SAMI'S COLOURFULWORLD

Tuesday, 23 April 2013

Postcrossing - an interesting hobby

I came across Postcrossing about a month ago, when one of my friends from Portugal recommended I join this site if I liked postcards.
I do have a big collection of postcards, that I keep in a box, that I began collecting when I started travelling at the age of 18.


My postcard box
My first postcards were bought in Brasil, my first port of call on a round the world trip to 
5 different countries in 3 continents. Since then, I bought a couple of postcards in every country I visited.

So I joined Postcrossing, filled in my details, and requested 5 addresses to send postcards to.
You get given a code with letters and numbers to be written in each postcard, which identifies the country it comes from and helps identify the sender when the receiver receives it.
I wrote a little note describing the photo in each postcard - all of them from Perth - and posted them. The addresses were all in Europe.


One of the cards I sent
I got notified by email when the cards reached their destination, and to date only 3 have reached their home, having taken from 14 to 28 days to travel.
I wonder if some have taken the sea route instead of crossing the seas by plane? The post shouldn't take that long from Australia to Europe, should it?

I was quite thrilled when one of the addresses I was given was in Braunschweig, Germany - a town where we lived for almost 6 years, and where my kids were born, over 25 years ago. What a coincidence!

Today I received my first two postcards - one from China and one from the United States.
When you receive a postcard you log in, and register the code on the postcard and scan a copy of it if possible, so it's visible to anyone visiting the site. At the moment over 402 thousand people from  216 countries participate in this project with over 16 million postcards exchanged.
  
My first postcards from Postcrossing - a cat from China, and one from San Antonio in the USA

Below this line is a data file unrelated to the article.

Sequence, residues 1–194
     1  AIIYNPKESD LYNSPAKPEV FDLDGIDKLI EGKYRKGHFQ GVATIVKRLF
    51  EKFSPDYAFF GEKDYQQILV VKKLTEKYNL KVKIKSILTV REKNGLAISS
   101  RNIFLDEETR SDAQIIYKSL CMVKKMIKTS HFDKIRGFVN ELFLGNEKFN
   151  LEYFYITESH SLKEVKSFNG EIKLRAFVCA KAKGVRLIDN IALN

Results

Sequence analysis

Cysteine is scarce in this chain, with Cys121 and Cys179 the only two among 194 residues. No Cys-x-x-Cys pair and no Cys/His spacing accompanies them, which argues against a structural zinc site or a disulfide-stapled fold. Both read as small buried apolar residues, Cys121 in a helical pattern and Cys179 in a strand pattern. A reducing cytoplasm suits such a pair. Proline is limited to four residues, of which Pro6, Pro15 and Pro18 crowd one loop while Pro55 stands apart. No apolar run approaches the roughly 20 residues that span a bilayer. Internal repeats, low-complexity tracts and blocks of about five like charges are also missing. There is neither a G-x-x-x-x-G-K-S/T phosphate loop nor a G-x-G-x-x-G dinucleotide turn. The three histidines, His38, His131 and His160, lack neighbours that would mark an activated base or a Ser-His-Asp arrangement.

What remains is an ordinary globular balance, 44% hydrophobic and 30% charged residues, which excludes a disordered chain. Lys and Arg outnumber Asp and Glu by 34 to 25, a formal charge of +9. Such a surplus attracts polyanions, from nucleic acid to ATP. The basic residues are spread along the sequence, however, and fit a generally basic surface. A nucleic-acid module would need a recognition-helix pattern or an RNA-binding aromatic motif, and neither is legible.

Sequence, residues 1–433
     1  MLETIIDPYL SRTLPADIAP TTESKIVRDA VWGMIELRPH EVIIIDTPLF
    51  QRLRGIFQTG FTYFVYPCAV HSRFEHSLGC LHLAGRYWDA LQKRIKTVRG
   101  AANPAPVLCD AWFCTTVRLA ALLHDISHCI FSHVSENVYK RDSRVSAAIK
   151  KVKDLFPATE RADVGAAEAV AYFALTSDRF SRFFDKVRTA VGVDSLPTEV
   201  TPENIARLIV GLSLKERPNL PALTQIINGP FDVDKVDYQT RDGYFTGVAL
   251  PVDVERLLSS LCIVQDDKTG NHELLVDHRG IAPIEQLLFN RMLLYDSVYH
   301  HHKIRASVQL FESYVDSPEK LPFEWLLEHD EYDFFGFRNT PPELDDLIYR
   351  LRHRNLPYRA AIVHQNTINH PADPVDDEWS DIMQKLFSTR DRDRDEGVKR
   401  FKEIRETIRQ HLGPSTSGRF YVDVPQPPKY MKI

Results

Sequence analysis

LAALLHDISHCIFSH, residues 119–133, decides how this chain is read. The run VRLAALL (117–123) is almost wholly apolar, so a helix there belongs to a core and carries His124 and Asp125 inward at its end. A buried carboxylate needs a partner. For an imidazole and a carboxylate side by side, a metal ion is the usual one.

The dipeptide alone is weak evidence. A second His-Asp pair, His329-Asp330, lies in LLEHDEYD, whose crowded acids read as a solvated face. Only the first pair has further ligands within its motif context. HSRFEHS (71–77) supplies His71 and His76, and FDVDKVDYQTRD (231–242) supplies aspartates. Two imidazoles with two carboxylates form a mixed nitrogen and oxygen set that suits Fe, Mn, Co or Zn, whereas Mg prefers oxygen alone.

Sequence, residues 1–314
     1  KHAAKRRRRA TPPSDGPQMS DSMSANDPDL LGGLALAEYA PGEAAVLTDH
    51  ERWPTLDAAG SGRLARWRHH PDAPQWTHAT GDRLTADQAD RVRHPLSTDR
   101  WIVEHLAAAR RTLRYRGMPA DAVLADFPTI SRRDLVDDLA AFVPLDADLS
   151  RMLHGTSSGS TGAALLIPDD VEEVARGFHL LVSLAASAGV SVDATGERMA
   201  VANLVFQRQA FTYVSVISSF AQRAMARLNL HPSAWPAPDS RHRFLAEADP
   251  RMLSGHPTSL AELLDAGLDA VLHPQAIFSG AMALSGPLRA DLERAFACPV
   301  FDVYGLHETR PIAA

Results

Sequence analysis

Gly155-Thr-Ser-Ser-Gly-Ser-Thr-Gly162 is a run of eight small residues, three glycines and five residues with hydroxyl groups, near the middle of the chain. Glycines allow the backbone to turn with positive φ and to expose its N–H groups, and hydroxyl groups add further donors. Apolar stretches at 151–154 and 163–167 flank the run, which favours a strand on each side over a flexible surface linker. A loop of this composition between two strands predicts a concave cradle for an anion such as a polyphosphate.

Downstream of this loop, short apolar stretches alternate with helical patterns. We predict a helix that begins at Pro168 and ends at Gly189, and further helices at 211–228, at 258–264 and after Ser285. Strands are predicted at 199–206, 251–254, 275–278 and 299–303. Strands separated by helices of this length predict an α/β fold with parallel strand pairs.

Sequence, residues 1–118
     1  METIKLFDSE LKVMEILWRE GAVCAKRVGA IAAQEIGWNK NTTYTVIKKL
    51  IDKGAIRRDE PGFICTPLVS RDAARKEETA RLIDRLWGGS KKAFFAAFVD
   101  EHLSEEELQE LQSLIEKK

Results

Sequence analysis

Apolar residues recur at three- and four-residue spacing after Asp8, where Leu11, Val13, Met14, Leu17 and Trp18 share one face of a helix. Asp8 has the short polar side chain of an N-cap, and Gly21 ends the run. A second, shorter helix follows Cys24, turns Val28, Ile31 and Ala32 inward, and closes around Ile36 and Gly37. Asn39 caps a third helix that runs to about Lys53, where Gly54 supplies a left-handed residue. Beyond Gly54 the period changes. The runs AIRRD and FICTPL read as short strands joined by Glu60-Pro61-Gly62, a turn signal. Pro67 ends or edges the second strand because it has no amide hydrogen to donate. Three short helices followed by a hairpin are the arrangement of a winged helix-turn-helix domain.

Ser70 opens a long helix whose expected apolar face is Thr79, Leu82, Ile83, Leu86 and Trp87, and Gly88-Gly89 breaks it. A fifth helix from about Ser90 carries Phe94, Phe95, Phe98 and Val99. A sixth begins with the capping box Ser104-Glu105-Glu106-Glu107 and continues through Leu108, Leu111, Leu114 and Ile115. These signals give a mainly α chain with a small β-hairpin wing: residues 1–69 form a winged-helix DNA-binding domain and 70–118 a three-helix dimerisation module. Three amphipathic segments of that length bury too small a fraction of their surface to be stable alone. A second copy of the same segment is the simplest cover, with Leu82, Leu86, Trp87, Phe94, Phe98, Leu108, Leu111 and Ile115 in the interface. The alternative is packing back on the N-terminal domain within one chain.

On my Postcrossing profile I wrote that I also collect stamps, and one of the ladies I exchanged a postcard with also collects stamps, so we are now exchanging stamps between Australia and the Netherlands.
Communication is done via the Postcrossing site, so no addresses need to be exchanged unless you decide to do direct swapping or other exchanges, like the stamps in my case.

So if you already collect postcards, or would like a new hobby, why not give Postcrossing a go?
Who knows maybe one day you might be sending me a postcard from your city.

And in this day and age when penmanship is a dying art and most people communicate verbally, by sms or email, it's refreshing to be able to write a few words to someone and actually put a stamp on a postcard or envelope...

Thursday, 18 April 2013

Coral Bay to Perth - Homebound 2

Day 9 - Geraldton to Perth - 430 kms, 9 hours with stops 
- Part 7    
(Total travelled - 2844km in 9 days)

After a great night's sleep, we got dressed, had breakfast, and packed our stuff into the car.
We filled up the tank, at 1,459$/litre, and at 10A.M., with the thermometer at 24.C, we set off on our way to Cervantes to go and visit the Pinnacles.
Leaving Geraldton - the lighthouse
We took the Brand Highway (North West Coastal Highway until Geraldton) that runs close to the Indian Ocean so we would be able to have some scenic stops on our way.
The countryside is greener, prettier and with some hills and dazzling white dunes, unlike the barren northern area of WA.

White dunes and green bushes next to the road
Port Denison, view of harbour
Our first quick stop was Dongara/Port Denison, about 70kms away from Geraldton.